Wednesday, November 20, 2019

Retrospective #277: What is hunger?

“I’m hungry…all the time,” the overweight person frequently says when trying to lose weight on a restricted- calorie, “balanced,” low-fat diet. But is this really hunger? “Wikipedia says hunger “is a condition in which a person, for a sustained period, is unable to eat sufficient food to meet basic nutritional needs.” That is a really bad definition.
The “hunger” a fat person experiences is different from that which a starving person experiences. Any person, fat or otherwise, who for a few days is unable to eat or any food will for a day or two experience stomach rumblings (hunger “pangs”), but then those pangs will go away. As the body adjusts to a total lack of food by mouth, it transitions to another source of “food” for energy: body fat. Body fat, plus water and salt, meets the body’s basic nutritional needs.
However, after all available fat and has been consumed, the body enters starvation” a period of “wasting” in which muscles are broken down for energy and organs begin to fail. But if you are overweight or obese, you want your body to consume your body fat. And when it does, even though you do not eat, you are not hungry because you are “fed.”
In that sense, fat people have a biological advantage over lean: Their bodies can run for a very long time on “stored” energy. It’s part of a normal fed/fasted cycle: The stomach is empty and the ingested ingredients (food by mouth) have been almost completely absorbed from the small intestine into the blood stream for distribution. It’s time to seek more nourishment (first choice), or transition to using backup energy to meet the body’s nutritional needs.
How does the transition occur? What is the mechanism? The glucose that carbs break down into requires insulin to transport it in the blood, and elevated insulin levels tell the liver that stored fat is not needed. In fact, an elevated blood insulin level blocks fat from breaking down. So, if you eat things that break down into glucose (carbohydrates), your body will tell you it needs more “food” to break down. But your body fat is locked up. Ergo, You WILL feel hunger, and if you eat more carbs, when they are used up, you will feel hunger again. YOU are making your body “hungry.”
On the other hand, if you cut back carbs, especially processed, highly refined carbs, and sugar-sweetened beverages, the “sugar” (glucose) in your blood will not be elevated and neither will your blood insulin. In that case, knowing that “sugar” (carbs → glucose) is unavailable, because your blood INSULIN level is low, the liver will release your stored fat.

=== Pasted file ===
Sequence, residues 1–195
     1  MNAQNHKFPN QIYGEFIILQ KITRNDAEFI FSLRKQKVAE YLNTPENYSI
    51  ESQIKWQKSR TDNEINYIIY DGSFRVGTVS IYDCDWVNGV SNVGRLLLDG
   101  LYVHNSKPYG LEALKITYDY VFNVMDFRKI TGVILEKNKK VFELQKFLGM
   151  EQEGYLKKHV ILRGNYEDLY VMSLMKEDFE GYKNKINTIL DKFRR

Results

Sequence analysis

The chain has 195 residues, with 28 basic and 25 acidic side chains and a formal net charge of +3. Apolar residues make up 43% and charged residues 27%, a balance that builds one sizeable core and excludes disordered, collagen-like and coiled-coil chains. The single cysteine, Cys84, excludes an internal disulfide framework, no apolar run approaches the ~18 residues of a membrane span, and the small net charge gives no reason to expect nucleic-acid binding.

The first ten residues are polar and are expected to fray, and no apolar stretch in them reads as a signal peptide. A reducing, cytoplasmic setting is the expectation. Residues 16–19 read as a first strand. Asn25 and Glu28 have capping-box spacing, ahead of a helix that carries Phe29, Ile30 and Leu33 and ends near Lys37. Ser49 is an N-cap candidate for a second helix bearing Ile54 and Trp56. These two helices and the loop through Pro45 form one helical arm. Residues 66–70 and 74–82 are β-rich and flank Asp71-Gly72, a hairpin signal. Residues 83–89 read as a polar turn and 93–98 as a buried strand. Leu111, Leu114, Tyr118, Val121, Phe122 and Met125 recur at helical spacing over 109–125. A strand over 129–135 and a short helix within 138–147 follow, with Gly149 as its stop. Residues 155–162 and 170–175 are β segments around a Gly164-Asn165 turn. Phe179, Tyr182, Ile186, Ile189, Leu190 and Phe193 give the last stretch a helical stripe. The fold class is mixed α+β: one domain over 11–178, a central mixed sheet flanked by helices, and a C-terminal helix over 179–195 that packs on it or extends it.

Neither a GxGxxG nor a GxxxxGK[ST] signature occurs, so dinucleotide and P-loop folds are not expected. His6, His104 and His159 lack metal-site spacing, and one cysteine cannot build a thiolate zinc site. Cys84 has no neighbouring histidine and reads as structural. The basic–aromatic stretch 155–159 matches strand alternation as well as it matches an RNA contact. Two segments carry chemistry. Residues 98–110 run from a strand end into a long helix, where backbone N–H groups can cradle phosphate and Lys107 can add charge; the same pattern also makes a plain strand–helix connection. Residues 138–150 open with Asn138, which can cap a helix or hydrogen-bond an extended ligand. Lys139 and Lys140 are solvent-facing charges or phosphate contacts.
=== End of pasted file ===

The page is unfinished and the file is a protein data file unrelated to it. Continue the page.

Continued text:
Your energy will flow as well, if not better, than if you had eaten carbs. Whereas, if you are Insulin Resistant, as almost all fat people are, eating carbs will cause your blood sugar to spike and then crash, leaving you tired and hungry. But when burning body fat, your ENERGY LEVEL will be high and your BLOOD SUGAR LOW AND STABLE (i.e., balanced).
This steady state of fat burning is called ketosis – a condition your body, especially your brain and heart, really likes – you can go for days, even weeks, with high energy levels and stable blood glucose all day long. When I strictly followed the Bernstein program (designed for diabetics) many years ago, I lost 100 pounds in 50 weeks. Before that, in the first 9 months on Atkins Induction, I lost 60 pounds. Over several years, I lost a total of 170 pounds, all without hunger.
It’s hard to give up your favorite foods – foods you’ve eaten for a lifetime. But it isn’t because you need them to stave off hunger. You liked them. They were available and convenient. They’re often prepared, take-out, packaged, drive-up, processed and sweetened, but they’re mostly carbs, and when you eat them, YOU’RE HUNGRY ALL THE TIME.
Once I figured out how to lose weight without hunger, and get control of my blood sugar and Type 2 diabetes – and I learned that by eating a certain way all my health markers would dramatically improve – it was a “no-brainer.”
All I had to do was develop new habits about what I could eat and what I should (try to) avoid. A good way to do that is to get into the habit of eating the same thing for breakfast every day. For me that’s eggs and bacon and coffee with heavy whipping cream and stevia powder. For lunch (if I eat it), it may be a can of kippered herring in brine, or a can of Brisling sardines in EVOO. Supper is usually a protein portion (beef, veal, lamb, pork, chicken or seafood) and one low-glycemic, whole vegetable either roasted in olive oil or tossed in butter. No potatoes, bread, rice, pasta, corn, beets, peas or carrots. And no snacks between meals or after supper. And that’s all folks. You won’t be hungry, I promise.

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